Electronic health records (EHRs) provide many benefits to providers as well as their patients; however the true value of these benefits depends on how the records are used. Meaningful Use Standards govern the use of EHRs and allow eligible providers to earn incentive payments if they meet specific criteria.
Meaningful Use requires that patient data is protected; protecting patient information is much like protecting patient safety—it must be done continually. Do you allow needles to be shared between patients? Do you touch your patients without washing your hands first or without wearing gloves? Absolutely not—and chances are, you probably don’t even have to think about this; these things are habitual for you.
Companies want to be HIPAA compliant, yet they don’t know the rules. Many think that becoming HIPAA compliant is something that takes a day or two, by simply taking an online course or signing some forms; and that after doing this, they can return to doing things the way they used to. This thinking couldn’t be farther from the truth.
HIPAA Compliant Changes
To become HIPAA compliant your daily practice operations will likely require a significant number of changes.
HIPAA compliant changes may involve:
The federal government currently performs pre-audits before making incentive payments, as well as audits after incentive payments are made for the Meaningful Use of Electronic Health Records Systems. This requires HIPAA compliance as part of the HITECH Act, as well as a Security Risk Analysis. During the 90-day Meaningful Use reporting period, you must remediate any problems.
Both physicians and practice managers are usually surprised when the Risk Analysis exposes that they’re not complying with HIPAA. They often ask why HIPAA has anything to do with Meaningful Use, or wonder why they only have 90 days to comply; when they should have been HIPAA compliant since 2005.
Some practices have attested the ruling and received their incentive payments even though they performed a Core Measure 15 Security Risk Analysis. Many people have been caught by audits, which resulted in the return of their funds. Practices also risk enforcement through the Federal False Claims Act, or in extreme situations, criminal Medicare fraud prosecutions.
While many people seem to think that being HIPAA compliant is expensive, a hospital that had to pay a $1.5 million fine probably doesn’t think it’s so expensive now. Neither do the many practices that had to return their 2012 incentive payments of $12,000 or $18,000 once they failed an audit because they hadn’t done a Security Risk Analysis.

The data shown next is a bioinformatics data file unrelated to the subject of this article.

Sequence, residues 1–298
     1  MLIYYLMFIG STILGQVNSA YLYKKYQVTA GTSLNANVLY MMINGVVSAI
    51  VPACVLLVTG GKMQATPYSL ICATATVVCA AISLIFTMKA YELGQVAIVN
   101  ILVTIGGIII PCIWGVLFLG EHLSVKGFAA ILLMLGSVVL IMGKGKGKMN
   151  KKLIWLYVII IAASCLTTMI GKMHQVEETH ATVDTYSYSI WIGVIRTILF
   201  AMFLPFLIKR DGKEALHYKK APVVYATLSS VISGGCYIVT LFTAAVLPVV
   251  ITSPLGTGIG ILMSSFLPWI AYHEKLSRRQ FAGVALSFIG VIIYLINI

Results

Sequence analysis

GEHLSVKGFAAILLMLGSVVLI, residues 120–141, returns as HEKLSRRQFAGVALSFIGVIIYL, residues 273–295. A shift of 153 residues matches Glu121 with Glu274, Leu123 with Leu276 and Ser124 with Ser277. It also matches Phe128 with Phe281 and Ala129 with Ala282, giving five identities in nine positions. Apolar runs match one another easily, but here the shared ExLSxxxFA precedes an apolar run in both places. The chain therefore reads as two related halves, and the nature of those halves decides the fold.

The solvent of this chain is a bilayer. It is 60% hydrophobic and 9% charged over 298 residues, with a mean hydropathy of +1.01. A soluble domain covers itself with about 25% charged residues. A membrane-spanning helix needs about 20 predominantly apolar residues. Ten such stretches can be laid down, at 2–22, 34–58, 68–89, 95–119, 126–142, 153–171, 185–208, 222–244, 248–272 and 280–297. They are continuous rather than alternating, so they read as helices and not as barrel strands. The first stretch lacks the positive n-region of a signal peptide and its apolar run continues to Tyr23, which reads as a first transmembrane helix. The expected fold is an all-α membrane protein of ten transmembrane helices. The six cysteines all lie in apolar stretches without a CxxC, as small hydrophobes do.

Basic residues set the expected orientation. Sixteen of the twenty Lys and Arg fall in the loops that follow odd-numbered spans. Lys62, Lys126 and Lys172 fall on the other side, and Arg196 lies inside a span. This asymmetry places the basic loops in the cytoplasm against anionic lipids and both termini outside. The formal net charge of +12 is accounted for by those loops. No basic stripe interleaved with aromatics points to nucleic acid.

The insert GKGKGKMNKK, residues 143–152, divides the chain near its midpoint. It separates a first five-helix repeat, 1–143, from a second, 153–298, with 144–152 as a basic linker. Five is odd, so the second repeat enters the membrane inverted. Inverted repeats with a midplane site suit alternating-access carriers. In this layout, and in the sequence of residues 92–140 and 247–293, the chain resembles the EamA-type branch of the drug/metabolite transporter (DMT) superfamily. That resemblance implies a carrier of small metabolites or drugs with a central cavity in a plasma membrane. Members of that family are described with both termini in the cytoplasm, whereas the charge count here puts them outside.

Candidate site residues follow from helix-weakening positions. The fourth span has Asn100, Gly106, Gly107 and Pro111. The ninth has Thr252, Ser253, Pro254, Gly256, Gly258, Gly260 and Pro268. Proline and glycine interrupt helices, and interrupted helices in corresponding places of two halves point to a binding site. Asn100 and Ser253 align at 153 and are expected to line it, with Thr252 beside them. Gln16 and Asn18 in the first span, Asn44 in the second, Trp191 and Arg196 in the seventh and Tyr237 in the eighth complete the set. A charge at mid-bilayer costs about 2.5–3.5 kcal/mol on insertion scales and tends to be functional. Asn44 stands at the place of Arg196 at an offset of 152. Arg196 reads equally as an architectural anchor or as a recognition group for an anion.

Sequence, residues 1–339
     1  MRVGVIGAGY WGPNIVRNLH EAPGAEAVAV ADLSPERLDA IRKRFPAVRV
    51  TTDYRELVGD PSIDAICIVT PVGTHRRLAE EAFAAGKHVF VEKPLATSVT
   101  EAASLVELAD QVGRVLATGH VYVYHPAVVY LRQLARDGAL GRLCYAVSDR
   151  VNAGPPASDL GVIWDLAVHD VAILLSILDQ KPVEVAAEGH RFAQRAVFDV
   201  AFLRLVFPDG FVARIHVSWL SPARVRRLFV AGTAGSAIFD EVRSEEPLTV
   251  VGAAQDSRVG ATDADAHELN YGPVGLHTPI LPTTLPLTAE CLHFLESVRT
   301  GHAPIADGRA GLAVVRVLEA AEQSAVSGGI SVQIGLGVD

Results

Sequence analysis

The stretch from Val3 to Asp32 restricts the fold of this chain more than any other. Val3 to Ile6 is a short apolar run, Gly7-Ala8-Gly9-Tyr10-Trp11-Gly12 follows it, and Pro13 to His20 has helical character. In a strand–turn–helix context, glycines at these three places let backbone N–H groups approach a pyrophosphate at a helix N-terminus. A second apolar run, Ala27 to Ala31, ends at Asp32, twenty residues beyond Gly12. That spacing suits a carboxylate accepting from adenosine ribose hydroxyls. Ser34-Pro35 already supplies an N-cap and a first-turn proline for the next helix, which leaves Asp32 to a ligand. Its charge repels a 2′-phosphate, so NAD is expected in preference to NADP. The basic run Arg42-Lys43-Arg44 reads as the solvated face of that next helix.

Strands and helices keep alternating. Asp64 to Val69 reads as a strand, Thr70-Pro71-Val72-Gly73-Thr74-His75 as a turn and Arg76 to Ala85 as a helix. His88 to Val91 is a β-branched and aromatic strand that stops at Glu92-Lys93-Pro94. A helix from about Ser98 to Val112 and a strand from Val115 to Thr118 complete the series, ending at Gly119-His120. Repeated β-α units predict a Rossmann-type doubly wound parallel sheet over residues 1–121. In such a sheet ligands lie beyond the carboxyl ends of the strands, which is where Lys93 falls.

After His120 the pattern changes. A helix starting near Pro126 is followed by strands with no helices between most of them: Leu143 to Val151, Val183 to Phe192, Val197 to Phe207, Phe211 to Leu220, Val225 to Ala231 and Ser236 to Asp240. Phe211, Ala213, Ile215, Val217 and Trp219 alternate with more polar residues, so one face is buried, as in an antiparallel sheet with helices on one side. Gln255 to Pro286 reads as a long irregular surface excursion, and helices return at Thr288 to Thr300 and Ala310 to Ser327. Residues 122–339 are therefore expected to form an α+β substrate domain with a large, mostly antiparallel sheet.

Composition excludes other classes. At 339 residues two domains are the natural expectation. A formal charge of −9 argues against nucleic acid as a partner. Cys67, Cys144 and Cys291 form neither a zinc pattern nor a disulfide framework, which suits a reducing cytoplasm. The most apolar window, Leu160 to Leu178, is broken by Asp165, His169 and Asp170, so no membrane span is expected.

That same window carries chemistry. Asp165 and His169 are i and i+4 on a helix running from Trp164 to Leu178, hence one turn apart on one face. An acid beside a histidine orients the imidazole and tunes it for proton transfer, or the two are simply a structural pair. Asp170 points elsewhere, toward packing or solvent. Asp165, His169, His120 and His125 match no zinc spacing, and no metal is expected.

Becoming HIPAA Compliant
By having a Security Risk Analysis done as soon as possible, you’ll have more time to address any issues with HIPAA compliance. By hiring an IT professional to audit your practice you’ll get a third-party review methodology similar to a federal audit or investigation, so you know you’ll pass a federal audit when it occurs. It’s a good idea to obtain an independent review of your practice or business by professionals who understand IT security and compliance.
The Office of the National Coordinator (ONC) administers the EHR Incentive Program and advises doing a thorough and professional risk analysis that will stand up to a compliance review. This requires expert knowledge obtained from an experienced outside IT compliance professional.
Get a Security Risk Analysis done by a qualified professional as soon as possible; whether your motive is to protect patient data, abide by the law, or keep the incentive money for implementing an EHR system.
Otherwise, don’t attest and receive the incentive money, because chances are, you’ll be audited or investigated for a HIPAA violation. Remember that patient data is sacred and private, which is exactly why being HIPAA compliant is the right thing to do.
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